Fund the Frontline

Fund the Frontline. Now.

Frontline family, sexual violence and women’s legal services save lives.

 

Zoe Daniel convened a roundtable in Parliament today of peak bodies and organisations representing more than 200 frontline domestic violence, sexual assault and women’s legal services, and addressed the national media along with women from the sector, calling on the federal government to fund the frontline.  She was joined by:

 

Elise Phillips, DVNSW
Karen Dini-Paul, Warringu
Leeanne Caton, NT representative
Kathleen Maltzahn, CEO, Sexual Assault Services Victoria
Yvette Cehtel, Women’s Legal TAS

Currently, these services are critically underfunded. Across the country, they’re struggling under increasing demand and a dire lack of funding.

Crisis lines can’t meet demand, women are being turned away from specialist domestic and family violence services, emergency accommodation and legal assistance and waiting lists for sexual assault counselling are at least three months.

This is utterly unacceptable. Violence against women is a national emergency. 46 women have been violently killed this year, most by men known to them. As there is no official count for these deaths, the true number is likely to be much higher. Hidden behind these numbers are countless women and children trapped in violent relationships.It’s time for the response to match the scale of the emergency. Every person experiencing family or sexual violence should be able to access the specialist support they need, when they need it – no matter where they live.

These services are vital. They ensure that victim-survivors get the tailored and timely support they need to be safe and to recover from violence.  Without this support, women and children are forced to stay in dangerous situations. Unmet demand is not a problem that organisations can fix, despite their best efforts. This is a resourcing issue.

The frontline sector says the money is not getting to where it needs to go – it’s not reaching those on the ground. We need to fix the pipeline, so the money gets to the frontline.

The federal and state governments must take collective responsibility and stop the buck-passing on this. Lives are at risk.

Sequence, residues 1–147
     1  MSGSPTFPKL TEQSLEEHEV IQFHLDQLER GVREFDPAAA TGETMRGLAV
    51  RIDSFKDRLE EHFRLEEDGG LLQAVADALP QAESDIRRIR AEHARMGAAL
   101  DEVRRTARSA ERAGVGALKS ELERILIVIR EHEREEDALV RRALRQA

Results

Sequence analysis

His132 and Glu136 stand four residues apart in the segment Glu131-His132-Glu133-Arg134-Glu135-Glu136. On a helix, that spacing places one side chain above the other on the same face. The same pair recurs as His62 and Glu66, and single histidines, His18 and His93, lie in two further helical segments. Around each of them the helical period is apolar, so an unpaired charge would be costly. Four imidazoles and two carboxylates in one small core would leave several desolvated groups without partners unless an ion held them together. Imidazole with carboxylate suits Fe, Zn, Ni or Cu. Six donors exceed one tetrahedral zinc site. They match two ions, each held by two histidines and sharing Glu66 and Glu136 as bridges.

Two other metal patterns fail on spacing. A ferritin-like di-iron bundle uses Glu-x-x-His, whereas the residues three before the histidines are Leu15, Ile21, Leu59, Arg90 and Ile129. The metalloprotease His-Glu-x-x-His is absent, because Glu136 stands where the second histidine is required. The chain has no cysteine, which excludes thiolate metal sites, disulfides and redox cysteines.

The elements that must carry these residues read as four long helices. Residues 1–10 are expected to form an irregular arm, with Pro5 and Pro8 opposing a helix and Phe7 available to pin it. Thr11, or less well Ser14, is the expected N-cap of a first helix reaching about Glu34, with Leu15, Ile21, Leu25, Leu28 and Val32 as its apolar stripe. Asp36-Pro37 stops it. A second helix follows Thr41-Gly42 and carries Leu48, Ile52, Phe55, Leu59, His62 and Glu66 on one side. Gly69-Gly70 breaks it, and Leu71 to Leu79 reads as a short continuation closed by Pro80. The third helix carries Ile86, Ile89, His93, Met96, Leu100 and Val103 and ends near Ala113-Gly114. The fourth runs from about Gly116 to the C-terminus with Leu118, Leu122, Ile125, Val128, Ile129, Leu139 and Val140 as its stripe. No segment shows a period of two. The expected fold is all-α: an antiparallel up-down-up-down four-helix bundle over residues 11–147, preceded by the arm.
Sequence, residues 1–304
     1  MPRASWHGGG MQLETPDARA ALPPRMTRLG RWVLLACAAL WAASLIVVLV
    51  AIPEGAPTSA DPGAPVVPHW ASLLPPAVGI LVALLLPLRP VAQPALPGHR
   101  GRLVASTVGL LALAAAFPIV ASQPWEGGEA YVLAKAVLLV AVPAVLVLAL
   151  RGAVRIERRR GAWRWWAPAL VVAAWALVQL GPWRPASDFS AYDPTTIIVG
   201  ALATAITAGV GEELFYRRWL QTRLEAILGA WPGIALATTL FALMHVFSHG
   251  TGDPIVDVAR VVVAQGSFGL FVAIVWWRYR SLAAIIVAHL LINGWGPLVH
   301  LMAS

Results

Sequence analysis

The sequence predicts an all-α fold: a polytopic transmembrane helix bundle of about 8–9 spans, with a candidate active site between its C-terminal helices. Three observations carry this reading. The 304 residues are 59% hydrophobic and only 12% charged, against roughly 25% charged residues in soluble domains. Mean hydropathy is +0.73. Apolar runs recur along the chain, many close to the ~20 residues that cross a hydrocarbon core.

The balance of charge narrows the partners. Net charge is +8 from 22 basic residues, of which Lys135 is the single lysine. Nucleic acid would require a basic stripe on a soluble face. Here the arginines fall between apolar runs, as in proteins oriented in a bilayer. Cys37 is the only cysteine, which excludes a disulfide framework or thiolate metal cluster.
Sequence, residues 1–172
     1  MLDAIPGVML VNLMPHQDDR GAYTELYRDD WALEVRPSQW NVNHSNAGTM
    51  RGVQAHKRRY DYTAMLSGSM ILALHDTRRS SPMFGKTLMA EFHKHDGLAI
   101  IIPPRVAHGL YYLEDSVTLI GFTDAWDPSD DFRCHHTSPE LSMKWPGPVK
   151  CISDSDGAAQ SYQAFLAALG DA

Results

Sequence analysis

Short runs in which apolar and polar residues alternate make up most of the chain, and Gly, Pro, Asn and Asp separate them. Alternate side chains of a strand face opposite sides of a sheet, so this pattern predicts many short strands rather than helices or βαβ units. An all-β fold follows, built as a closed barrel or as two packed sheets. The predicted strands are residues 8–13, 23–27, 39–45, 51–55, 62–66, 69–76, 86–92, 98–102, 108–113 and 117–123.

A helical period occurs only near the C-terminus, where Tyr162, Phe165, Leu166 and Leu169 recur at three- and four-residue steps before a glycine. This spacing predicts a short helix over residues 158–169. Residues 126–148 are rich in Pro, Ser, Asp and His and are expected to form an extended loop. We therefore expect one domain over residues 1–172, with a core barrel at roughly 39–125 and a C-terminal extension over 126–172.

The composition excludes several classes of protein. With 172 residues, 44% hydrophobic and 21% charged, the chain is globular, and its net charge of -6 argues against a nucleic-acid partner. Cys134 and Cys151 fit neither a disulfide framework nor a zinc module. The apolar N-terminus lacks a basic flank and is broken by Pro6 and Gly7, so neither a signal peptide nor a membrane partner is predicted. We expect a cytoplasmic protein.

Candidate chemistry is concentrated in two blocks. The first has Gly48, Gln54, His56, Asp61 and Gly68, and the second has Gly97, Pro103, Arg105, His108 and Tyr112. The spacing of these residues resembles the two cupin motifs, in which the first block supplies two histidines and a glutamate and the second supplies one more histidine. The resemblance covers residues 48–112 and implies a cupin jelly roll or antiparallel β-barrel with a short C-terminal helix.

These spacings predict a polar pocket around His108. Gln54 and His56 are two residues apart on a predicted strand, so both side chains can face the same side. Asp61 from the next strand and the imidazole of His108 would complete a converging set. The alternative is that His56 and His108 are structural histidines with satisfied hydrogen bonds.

The Commonwealth Government made a commitment to end violence against women and children in one generation. While this is commendable, good intentions are simply not enough to get us there.   Until all frontline services are adequately and sustainably funded, we’ll never see a future without family, sexual, and gender-based violence.

Frontline services are calling on the Commonwealth Government to immediately implement the following:

  • A long-term National Partnership Agreement between state and federal governments to ensure ongoing and sustainable funding for all specialist family violence services across the country, with special consideration given to those with high demand in rural, regional, and remote areas.
  • Substantial investment in frontline specialist sexual assault services to meet increasing demand and allow diversification of programs, including working with schools and other local organisations to address and respond to sexual violence.
  • A comprehensive National Workforce Strategy (including a robust First Nations Workforce Strategy) that ensures strong and sustainable specialist domestic and family violence and sexual assault sectors nationwide, including in regional and remote areas. The strategy would recognise the separate requirements of each sector, consistently build sector skills and capabilities, address remuneration, enhance professional development, and support workforce health and wellbeing. =
  • Increased input from specialist domestic and family violence experts to the National Partnership Agreements on housing and homelessness and the forthcoming National Housing and Homelessness Plan, to reflect the reality that women and children escaping violence comprise the majority of people seeking housing and homelessness support across Australia.
  • Stronger investment in First Nations specialist domestic, family and sexual violence services to support community-led responses to violence against Aboriginal and Torres Strait Islander women and children, who are disproportionately impacted by domestic, family and sexual violence.
  • Additional investment from State and Commonwealth Governments in the specialist legal assistance sector for women affected by gender-based violence, to respond to the increasing demand for assistance. This includes a dedicated funding stream for women’s legal services in the longer term, to respond to gender-based violence as part of the National Legal Assistance Partnership.
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